15. January 6, Jacksonville Journal-Courier – (Illinois) US Bank evacuated after bag left on floor. A Jacksonville, Illinois, bank was briefly evacuated after someone left a black bag inside. Police were called about 10:20 a.m. January 6 after an elderly woman walked into the foyer of US Bank at 322 W. Morton Ave., dropped a bag on the floor and promptly left. Alarmed about what may be in the bag, bank employees and customers were evacuated from the building. Police arrived and found that the bag contained gym clothes. The bag’s owner was located at her residence and after speaking to her and bank employees, it was decided no charges would be filed. Source:

16. January 6, Softpedia – (National) Infected laptop leads to data breach at Pentagon Federal Credit Union. The Pentagon Federal Credit Union (PenFed) is dealing with a data security breach involving personal and credit card information exposed after a laptop was infected with malware. In a letter sent to the New Hampshire Attorney General’s Office, the credit union’s lawyers revealed the laptop infection was discovered December 12. The malware allowed attackers to access a database containing names, addresses, Social Security numbers, PenFed account numbers, credit, or debit card numbers of current and former members, joint owners, employees, and beneficiaries. The letter states that 514 New Hampshire residents were affected by the incident, but the total number of people involved has not been disclosed. PenFed does not have any indication that the illegaly accessed information was misused so far, but out of caution itreissued all exposed credit and debit cards. The federally chartered credit union started sending notification letters to the affected individuals January 4 in which it offers them a 2-year free subscription to an identity theft protection service from Kroll. Source:

17. January 5, – (New York) FBI searching for ‘Red Coat Bandit’ bank robber. The FBI is asking the public for help in its search for the “Red Coat Bandit” who robbed a Midtown New York City, New York Citibank branch January 4. Just as tellers and bank employees were getting ready to close the bank branch at 411 Fifth Ave. at 37th Street about 6:15 p.m. January 4, a man entered the bank displaying a fake bomb that had wires and a detonator, the FBI said. The robber then threatened to blow up the location and proceeded to rob the bank of an unspecified sum. The “Red Coat Bandit” was described by the FBI as an Indian male, approximately 30 years old and 5 feet 10 inches. He was seen wearing a boonie hat, which is typically a wide-brimmed hate worn by military personnel, a black scarf or ski mask, a red hooded jacket, black gloves, light blue jeans, and beige or tan work boots.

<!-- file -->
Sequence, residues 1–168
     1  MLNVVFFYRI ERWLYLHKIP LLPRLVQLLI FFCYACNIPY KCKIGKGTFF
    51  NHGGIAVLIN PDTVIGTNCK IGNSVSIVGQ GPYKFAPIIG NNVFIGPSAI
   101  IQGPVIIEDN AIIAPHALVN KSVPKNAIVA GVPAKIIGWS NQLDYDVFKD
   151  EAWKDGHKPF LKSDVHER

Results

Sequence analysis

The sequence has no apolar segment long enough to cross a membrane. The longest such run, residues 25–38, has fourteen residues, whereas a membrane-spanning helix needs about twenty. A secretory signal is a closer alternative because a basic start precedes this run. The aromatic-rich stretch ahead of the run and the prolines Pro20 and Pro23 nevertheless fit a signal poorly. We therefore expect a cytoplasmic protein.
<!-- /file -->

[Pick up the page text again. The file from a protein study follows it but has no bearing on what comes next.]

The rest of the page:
Information Technology

41. January 7, Softpedia – (International) Microsoft postpones patching of two critical 0-day vulnerabilities. Microsoft announced it does not plan to patch two publicly known 0-day vulnerabilities in Internet Explorer and Windows in a release scheduled for January 11. One of the two bulletins announced affects only Windows Vista and is rated as important, while the other affects all supported Windows versions and has a severity rating of critical. These bulletins will not cover an actively exploited vulnerability affecting Internet Explorer 6, 7, and 8 on all Windows types. Identified as CVE-2010-3971, the flaw consists of an use-after-free memory error in the mshtml.dll library and can be exploited to execute arbitrary code remotely. Moreover, in December 2010, a group called Abysssec Security Research announced a reliable exploit for this vulnerability that bypasses the DEP and ASLR protection mechanisms in Windows. A second critical vulnerability that will remain unpatched is located in the Graphics Rendering Engine and affects all Windows versions except Windows 7 and Server 2008 R2. Source:

42. January 7, Associated Press – (Massachusetts; North Carolina) Man pleads guilty to stealing $930,000 in computer equipment. A North Carolina man has pleaded guilty in federal court to charges of stealing nearly $930,000 worth of computer equipment from the EMC Corp. facility where he worked. Prosecutors said he concealed the items in a small bag as he left work at EMC’s Apex, North Carolina facility between 2000 and 2009. He also sold the equipment over the Internet using the identity of a friend, without that person’s knowledge. He pleaded guilty January 6 in U.S. District Court in Boston, Massachusetts to charges including wire fraud and identity theft. Data storage equipment maker EMC is based in Hopkinton, Massachusetts. The man faces up to 32 years in prison at sentencing April 7. Source: